The monster from Lake Champlain, nicknamed Champ, is not as famous in the world as Nessie from the Scottish Loch Ness, but this is the most famous sea monster in America.
Lake Champlain is located on the US-Canada border. It is a large lake with a length of 172 km and a maximum depth of 122 meters. Potentially, it is quite possible for large marine animals to live in it.
According to numerous eyewitness reports that are regularly received today, Champ has a small head on a long neck and a massive body with flippers, that is, he looks like Nessie.
The earliest known sighting of a mysterious animal in Lake Champlain dates back to 1609 and belongs to the man after whom this lake got its name. In his diary, he wrote that he saw in the lake a snake-like creature about 6 meters long, barrel-thick and with a horse’s head.
In the same place, he noted that the local Indians are well acquainted with this creature and gave him the name “chouserow”.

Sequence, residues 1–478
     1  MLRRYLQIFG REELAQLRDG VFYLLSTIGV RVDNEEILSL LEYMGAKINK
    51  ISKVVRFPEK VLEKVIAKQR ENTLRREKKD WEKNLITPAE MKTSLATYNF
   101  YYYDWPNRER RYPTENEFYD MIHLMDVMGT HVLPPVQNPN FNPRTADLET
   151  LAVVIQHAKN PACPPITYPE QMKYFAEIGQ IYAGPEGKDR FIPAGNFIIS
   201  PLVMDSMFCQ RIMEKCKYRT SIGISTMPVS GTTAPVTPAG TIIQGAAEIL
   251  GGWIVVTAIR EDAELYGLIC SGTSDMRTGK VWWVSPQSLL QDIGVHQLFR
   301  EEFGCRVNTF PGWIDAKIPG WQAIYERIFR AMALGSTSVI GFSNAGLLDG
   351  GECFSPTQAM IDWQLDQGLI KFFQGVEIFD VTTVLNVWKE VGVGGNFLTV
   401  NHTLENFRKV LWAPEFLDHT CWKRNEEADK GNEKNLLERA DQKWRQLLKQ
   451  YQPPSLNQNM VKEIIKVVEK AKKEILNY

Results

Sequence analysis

Over the past more than 400 years, hundreds of people have observed this strange creature, but only a few managed to photograph it, and only one person managed to get a more or less clear picture. The photo below is the only known photo of Shampoo that actually shows a very oddly shaped animal.
Lake Champlain, unlike Loch Ness, was never explored with the intention of finding a “lake monster” in it, and the rare cryptozoologists did not succeed until Kathy Elizabeth, a cryptozoologist from Vermont, recently arrived here.
On September 10, 2022, she swept across the lake in a boat with a sonar and it recorded a large floating object at a depth, which, presumably, is the same monster.
Cathy Elizabeth has spent the last decade studying this phenomenon and has been preparing for this trip for a long time, equipping her Kelpie II boat with a host of equipment designed to possibly detect the cult cryptid.
Her sonar footage shows a long object moving across Lake Champlain at a depth of approximately 42.5 feet (13 meters).
The anomaly, which Elizabeth estimates to be 20 feet long, appears to be some sort of living creature that has something long in front of its body, possibly its neck.
Cathy Elizabeth compared the appearance and movement of this anomaly to a shoal of small fish, sturgeon, groupers and even whales. And none of them matched the anomaly recorded by the locator.
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